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ioana radescu MNPh2 xXl3Q unsplash scaled
Humans are uniquely acquisitive.  We fill our homes, our garages and our closets to the brim.  And the older we get, the more we accumulate, lose track of and push into storage rather than face the inevitable.
It’s not easy to get rid of our worldly possessions, and the “inevitable” rarely gets faced.
Here’s the problem.  We are simply ATTACHED.  The hoarders you read about or see on tv aren’t all necessarily psychologically ill, they are just us on steroids.  They are, in fact, often single women who have attempted to substitute things for people they may have lost in their lives–husbands, children, brothers/sisters etc.  Things provide some comfort if surrounded by them.  But you feel sorry for hoarders (we had one once in a rental)–and maybe see a little buit of them in ourselves at times.
My wife is the ultimate Material Girl.  I love her dearly but I cannot get her to stop buying things.  Amazon is just making it so much easier these days.  And having stores open–but not much else to distract ourselves. during the pandemic). (She HAS pretty much given up going into THRIFT stores because she knows we ‘don’t need a thing.” At least, she tells herself that and I KNOW that. But then, we are owners of two houses, one in the country and one in the city. My closet(s) are bursting at the seams (or are my clothese bursting at their seams, haha). Clothing is the Number 1 thing my wife buys me. I’ve told her that i have enough shirts, shoes and jackets for the rest of my natural life—it doesn’t dissuade her. 
One trusim:  buying more stuff is far easier than getting rid of what you already have.  We do go to Goodwill and the Salvation Army (at least to their outside vans which is much safer than going in the store!) to get rid of some things.  But our car, a compact, is hardly adequate to transport much of what you could call “recyclables” at any one time.  I’ve threatened to get a truck but I don’t really need it for anything generally except hauling things between houses.
It was early 2020 and I had planned a neighborhood garage sale as we finally agreed on quite a few items that were just accumulating dust.  Guess what–the pandemic came and everyone was being told to stay home and social distance.  But we’d moved most of what was going to go on sale or be donated to a grandchild’s educational trip (I forget to where), which ended up being cancelled anyway, to the garage near the street.  Well the garage sale was cancelled. We stuck a free sign outside on the driveway and gave away everything. We publicized it on (Putting it back in the garage or house would have been just too painful.)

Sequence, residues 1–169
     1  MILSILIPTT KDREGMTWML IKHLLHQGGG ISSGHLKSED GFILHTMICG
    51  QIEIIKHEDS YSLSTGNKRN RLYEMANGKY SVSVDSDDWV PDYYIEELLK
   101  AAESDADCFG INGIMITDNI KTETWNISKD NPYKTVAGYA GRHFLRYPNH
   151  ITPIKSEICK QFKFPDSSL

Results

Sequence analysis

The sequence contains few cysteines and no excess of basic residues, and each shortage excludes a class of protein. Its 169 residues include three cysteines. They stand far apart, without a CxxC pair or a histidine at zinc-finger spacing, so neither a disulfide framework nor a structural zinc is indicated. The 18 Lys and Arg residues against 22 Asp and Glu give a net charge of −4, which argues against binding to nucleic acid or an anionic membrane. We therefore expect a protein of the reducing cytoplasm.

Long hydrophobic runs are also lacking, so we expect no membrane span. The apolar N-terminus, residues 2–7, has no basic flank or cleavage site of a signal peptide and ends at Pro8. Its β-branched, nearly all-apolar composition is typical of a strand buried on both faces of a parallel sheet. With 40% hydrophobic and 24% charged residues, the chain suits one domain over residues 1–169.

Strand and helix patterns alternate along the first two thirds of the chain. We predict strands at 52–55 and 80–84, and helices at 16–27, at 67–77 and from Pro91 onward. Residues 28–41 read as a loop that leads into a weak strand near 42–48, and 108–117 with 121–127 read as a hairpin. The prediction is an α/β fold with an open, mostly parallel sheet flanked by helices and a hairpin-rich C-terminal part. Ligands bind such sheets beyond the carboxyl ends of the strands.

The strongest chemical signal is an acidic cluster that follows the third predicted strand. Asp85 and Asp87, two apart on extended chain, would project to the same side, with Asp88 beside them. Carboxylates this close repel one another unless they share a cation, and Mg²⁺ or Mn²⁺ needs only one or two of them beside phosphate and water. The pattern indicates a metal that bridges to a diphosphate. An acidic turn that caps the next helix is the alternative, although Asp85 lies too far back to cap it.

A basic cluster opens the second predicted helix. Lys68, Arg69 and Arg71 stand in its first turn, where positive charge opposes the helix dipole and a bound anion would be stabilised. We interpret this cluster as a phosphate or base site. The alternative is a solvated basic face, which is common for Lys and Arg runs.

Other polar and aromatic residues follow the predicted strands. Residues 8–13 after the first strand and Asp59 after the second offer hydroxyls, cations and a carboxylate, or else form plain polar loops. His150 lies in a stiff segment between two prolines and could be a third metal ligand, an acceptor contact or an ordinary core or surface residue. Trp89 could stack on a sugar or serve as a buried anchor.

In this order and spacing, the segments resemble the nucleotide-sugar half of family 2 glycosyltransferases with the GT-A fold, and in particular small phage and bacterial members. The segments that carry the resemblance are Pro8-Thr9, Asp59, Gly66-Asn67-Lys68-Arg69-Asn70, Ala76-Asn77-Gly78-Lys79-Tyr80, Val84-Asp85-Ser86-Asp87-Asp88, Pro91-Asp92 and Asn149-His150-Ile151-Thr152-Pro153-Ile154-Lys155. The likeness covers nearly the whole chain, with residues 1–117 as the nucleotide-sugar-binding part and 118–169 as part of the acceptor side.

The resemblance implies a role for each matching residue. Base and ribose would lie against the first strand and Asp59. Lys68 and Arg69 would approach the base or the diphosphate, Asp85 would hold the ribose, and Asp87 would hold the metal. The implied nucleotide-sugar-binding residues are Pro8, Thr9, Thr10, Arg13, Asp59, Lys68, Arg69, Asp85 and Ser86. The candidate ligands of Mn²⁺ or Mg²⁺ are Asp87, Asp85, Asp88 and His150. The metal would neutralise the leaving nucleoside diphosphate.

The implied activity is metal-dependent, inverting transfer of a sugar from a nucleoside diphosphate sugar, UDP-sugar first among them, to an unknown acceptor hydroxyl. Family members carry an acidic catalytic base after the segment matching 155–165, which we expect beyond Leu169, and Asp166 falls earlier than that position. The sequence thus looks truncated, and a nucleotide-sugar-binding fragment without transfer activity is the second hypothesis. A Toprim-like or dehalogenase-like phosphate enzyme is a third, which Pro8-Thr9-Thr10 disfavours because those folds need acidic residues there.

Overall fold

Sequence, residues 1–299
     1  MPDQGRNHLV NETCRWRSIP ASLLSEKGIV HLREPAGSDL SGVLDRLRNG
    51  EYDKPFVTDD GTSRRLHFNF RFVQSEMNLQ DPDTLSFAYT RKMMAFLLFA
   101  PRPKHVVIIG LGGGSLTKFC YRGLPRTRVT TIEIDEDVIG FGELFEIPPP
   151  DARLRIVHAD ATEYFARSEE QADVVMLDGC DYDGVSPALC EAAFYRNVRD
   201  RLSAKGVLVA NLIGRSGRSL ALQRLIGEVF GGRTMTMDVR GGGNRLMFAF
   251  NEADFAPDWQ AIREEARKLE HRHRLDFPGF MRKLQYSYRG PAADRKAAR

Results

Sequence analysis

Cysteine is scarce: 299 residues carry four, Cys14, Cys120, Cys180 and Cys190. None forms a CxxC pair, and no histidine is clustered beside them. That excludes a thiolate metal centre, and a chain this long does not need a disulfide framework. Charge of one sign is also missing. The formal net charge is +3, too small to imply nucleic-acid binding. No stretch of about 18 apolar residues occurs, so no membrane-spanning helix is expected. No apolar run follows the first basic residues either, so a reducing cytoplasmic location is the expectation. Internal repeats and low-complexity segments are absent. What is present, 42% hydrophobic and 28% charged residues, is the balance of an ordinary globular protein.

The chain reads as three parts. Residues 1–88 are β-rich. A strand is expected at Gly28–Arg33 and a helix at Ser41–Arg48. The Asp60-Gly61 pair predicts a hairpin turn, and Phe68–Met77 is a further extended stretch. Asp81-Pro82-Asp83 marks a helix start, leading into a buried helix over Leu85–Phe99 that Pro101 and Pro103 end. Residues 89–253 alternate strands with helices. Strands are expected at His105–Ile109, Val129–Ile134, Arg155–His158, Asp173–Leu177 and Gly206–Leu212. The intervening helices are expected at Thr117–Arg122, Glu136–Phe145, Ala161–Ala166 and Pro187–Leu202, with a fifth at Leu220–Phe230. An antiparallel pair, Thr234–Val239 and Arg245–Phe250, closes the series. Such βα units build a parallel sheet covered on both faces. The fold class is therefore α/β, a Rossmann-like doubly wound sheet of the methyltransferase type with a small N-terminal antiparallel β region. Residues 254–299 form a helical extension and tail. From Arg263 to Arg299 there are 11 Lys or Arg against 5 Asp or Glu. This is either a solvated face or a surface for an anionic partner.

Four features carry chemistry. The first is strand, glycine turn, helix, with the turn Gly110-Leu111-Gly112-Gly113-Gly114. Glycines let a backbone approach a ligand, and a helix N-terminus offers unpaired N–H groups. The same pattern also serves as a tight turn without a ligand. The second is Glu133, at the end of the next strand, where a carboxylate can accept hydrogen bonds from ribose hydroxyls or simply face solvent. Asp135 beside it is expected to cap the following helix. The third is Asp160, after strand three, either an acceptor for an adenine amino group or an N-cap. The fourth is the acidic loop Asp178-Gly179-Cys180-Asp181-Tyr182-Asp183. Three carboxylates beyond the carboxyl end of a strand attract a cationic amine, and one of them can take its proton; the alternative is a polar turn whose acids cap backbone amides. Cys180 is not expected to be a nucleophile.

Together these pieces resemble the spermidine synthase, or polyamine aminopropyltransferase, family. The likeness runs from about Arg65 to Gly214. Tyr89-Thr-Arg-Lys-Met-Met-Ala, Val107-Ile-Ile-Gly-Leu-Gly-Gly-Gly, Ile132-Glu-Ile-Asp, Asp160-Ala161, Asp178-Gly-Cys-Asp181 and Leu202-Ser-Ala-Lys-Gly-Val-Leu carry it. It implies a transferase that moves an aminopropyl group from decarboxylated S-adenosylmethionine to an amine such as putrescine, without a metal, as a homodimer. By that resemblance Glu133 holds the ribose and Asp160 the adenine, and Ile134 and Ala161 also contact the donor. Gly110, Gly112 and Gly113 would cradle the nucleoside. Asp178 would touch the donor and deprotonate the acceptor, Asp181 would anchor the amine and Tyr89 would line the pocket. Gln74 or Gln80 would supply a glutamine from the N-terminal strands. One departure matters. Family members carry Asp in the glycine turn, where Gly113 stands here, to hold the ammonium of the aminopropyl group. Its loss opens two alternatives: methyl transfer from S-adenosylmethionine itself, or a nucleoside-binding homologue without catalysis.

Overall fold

I’m pretty sure it will be up to our children to dispose of our possessions when we either go into assisted living or die.  And they will be ruthless–installing a rollaway dumpster on our property just like the one I insisted on when I married my wife 25 years ago and we were ready to move to a different house.  (It’s a fantasy to think that your kids will want your stuff for THEIR already well appointed homes.)
I don’t feel too guilty about literally dumping our stuff on the kids/grandkids.  When the houses are empty they’ll get what’s most valuable –the houses themselves.  (Which, if they choose to live in them, they can fill them up just like we did.)
The beat goes on…
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William Seavey
He is a veritable Renaissance Man (for a modern age!) He’s an author of nearly a dozen books, including Crisis Investing and Entrepreneuring and Moving to Small Town America). He and his wife have been interviewed by AARP THREE times. His contributions have appeared in the New York Times,, Barrons, Reader’s Digest, The Street, Active Over 50, U.S. News, the Wall Street Journal and elsewhere. He spent five years as a professional resume’ writer and started a national association. He ran the Greener Pastures Institute 15 years and helped thousands relocate to their “Shangri-la.” Locally he’s taught at the Osher Lifelong Learning Institute through Cal Poly and presented to Rotary and HopeDance audiences. He built a house in a Baja California resort for $25,000 ($700 annual dues/taxes)! He appeared on the front page of the SLO Tribune with his rainwater saving strategies to encourage conservation. He was a founding board member of Hopes Village, which locally is trying to help the homeless with affordable "tiny" homes. He co-runs a bed and breakfast inn and airbnb in Cambria, and has for the last 12 years. He’s also worked in the health field (HMO/student clinic) and received a certificate in Primary Prevention healthcare. He even attended the famous Woodstock Music Festival.